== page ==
A telecommunicator usually works within the public safety realm. The telecommunicator serves as a midpoint between the public and emergency service personnel, such as police officers, EMTs, firefighters. When you dial 911, you speak with a telecommunicator.
This position is essential during the process of resolving emergency situations. The telecommunicator will often take calls from people who are in need of help and will relay this information to the appropriate departments. The telecommunicator will help to dispatch the necessary emergency services. This job can be highly stressful, as the telecommunicator is often responding to emergency situations. Quick thinking skills are needed, in order to quickly come up with solutions and actions that need to be carried out. Usually, this job involves the use of a two-way radio, alarm systems, and computerized response systems.
Hours vary for this job, as telecommunicators are required around the clock. The telecommunicator may need to be certified as an emergency medical dispatcher. Strong verbal communication skills are needed. The telecommunicator should also have strong interpersonal skills, in order to calm callers who are in distress. Computer skills are also required to work with databases and other software. Strong data entry and typing skills are needed, as the telecommunicator will type up reports. This job is usually acquired from schooling through the national academies of emergency dispatch. A minimum of a high school diploma is required in addition to this. There are other types of telecommunicators as well, including employees at phone companies.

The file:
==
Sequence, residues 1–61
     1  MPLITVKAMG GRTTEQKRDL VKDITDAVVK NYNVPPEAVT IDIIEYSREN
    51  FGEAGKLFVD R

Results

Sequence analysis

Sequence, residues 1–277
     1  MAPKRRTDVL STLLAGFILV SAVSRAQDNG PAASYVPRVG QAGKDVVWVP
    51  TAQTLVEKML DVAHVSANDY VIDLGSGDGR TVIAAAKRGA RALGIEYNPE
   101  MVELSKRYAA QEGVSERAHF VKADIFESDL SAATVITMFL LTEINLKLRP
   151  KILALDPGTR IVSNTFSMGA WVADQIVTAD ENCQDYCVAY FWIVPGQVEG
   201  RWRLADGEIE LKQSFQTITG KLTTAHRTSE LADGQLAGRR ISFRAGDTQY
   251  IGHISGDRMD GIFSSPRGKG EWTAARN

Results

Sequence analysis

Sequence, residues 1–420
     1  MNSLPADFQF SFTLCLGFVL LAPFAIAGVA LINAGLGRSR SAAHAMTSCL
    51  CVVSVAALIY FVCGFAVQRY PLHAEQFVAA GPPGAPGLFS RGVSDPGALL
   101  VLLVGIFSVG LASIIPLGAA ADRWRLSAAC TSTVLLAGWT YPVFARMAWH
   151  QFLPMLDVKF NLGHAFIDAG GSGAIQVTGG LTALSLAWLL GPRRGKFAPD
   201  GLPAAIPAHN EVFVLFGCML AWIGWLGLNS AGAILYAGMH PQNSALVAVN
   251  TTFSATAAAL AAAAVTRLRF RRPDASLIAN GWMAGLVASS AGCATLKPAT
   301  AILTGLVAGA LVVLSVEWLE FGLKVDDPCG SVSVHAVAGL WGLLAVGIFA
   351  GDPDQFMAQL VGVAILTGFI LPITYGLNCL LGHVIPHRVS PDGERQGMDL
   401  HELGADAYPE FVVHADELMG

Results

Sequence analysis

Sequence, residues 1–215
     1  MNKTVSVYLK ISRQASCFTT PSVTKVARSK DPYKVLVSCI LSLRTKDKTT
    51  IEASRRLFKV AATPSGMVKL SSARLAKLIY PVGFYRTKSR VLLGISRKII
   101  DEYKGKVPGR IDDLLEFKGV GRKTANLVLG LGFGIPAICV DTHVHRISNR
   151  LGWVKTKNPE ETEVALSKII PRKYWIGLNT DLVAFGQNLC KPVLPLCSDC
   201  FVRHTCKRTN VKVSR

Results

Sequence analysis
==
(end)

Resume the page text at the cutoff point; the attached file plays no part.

Answer telephones and direct calls.
Enter dispatch calls into a computerized dispatch system.
Greet visitors and provide directions.
Contact appropriate personnel during emergency situations.
Operate base radio to communicate with police department staff.